In the middle decades of the sixteenth century, the republican city-state of Florencebirthplace of the Renaissancefailed. In its place the Medici family created a principality, becoming first dukes of Florence and then grand dukes of Tuscany. The Fruit of Liberty examines how this transition occurred from the perspective of the Florentine patricians who had dominated and controlled the republic. The book analyzes the long, slow social and cultural transformations that predated, accompanied, and facilitated the institutional shift from republic to principality, from citizen to subject.
More than a chronological narrative, this analysis covers a wide range of contributing factors to this transition, from attitudes toward office holding, clothing, and the patronage of artists and architects to notions of self, family, and gender. Using a wide variety of sources including private letters, diaries, and art works, Nicholas Baker explores how the language, images, and values of the republic were reconceptualized to aid the shift from citizen to subject. He argues that the creation of Medici principality did not occur by a radical break with the past but with the adoption and adaptation of the political culture of Renaissance republicanism.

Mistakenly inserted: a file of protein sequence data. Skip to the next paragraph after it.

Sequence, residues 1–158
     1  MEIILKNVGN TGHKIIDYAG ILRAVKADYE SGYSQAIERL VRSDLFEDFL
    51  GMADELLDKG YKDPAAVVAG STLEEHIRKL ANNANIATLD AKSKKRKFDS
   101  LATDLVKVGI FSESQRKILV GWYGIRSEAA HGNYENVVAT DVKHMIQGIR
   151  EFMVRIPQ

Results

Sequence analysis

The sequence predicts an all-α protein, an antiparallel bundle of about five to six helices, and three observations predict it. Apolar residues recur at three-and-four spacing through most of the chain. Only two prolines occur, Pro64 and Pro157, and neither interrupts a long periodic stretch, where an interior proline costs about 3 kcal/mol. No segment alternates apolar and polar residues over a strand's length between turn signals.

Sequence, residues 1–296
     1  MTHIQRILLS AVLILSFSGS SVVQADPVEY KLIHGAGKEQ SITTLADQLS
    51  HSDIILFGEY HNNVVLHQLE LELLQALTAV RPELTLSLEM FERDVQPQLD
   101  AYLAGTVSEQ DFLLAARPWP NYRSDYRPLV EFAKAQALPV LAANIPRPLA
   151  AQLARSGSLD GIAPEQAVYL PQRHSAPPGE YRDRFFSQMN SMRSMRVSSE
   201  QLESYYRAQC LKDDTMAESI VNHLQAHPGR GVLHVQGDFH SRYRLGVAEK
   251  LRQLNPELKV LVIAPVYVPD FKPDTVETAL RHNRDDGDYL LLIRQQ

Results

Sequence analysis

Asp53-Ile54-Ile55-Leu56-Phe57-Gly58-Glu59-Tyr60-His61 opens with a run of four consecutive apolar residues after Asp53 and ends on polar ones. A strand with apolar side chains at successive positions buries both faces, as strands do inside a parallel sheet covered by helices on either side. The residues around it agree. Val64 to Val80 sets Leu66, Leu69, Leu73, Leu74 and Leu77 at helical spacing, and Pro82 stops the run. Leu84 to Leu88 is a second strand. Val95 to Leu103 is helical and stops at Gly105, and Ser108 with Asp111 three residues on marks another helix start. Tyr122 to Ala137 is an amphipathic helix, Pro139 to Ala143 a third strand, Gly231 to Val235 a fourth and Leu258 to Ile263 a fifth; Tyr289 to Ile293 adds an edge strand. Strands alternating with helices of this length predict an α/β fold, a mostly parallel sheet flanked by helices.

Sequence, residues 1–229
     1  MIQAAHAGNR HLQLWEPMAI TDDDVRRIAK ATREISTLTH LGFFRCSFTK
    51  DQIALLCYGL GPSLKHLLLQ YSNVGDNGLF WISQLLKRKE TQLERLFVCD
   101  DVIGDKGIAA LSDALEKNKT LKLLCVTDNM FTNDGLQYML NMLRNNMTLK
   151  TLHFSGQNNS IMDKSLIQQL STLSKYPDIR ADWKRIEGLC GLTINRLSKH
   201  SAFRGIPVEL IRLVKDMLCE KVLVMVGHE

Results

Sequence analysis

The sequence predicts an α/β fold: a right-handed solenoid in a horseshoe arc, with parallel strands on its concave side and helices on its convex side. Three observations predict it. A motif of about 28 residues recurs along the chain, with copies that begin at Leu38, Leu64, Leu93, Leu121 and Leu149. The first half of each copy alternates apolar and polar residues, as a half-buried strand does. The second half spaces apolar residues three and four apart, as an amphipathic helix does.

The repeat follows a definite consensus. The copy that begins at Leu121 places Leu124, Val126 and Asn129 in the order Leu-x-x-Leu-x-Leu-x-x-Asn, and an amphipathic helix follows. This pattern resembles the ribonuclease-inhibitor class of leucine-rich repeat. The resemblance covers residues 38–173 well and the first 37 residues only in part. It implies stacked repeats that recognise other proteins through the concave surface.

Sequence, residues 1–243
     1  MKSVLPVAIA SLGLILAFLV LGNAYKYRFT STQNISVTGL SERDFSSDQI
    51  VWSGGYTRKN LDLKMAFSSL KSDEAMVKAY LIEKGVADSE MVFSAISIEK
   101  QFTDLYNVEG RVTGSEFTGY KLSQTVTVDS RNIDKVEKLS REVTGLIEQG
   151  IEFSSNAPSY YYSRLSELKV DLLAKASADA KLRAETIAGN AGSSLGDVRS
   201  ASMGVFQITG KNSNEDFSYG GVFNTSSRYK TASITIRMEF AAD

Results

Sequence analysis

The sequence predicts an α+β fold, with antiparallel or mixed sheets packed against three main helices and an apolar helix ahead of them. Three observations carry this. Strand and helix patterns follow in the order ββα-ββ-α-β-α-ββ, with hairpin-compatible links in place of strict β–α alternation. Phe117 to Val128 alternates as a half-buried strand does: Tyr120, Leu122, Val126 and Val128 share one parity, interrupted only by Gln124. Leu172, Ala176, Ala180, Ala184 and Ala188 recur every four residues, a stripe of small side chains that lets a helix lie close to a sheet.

About the Author
Nicholas Scott Baker is Lecturer in Early Modern European History at Macquarie University.
Table of Contents
List of Illustrations ix
Introduction States and Status in the Florentine Renaissance 1
1 Imagining Florence: The Civic World of the Late Fifteenth Century 15
2 Great Expectations: The Place of the Medici in the Office-Holding Class, 1480-1527 49
3 Defending Liberty: The Climacteric of Republican Florence 98
4 Neither Fish nor Flesh: The Difficulty of Being Florentine, 1530-1537 142
5 Reimagining Florence: The Court Society of the Mid-Sixteenth Century 189
Conclusion: Florence and Renaissance Republicanism 228
Appendix 1 A Partial Reconstruction of the Office-Holding Class of Florence, ca. 1500 235
Appendix 2 Biographical Information 254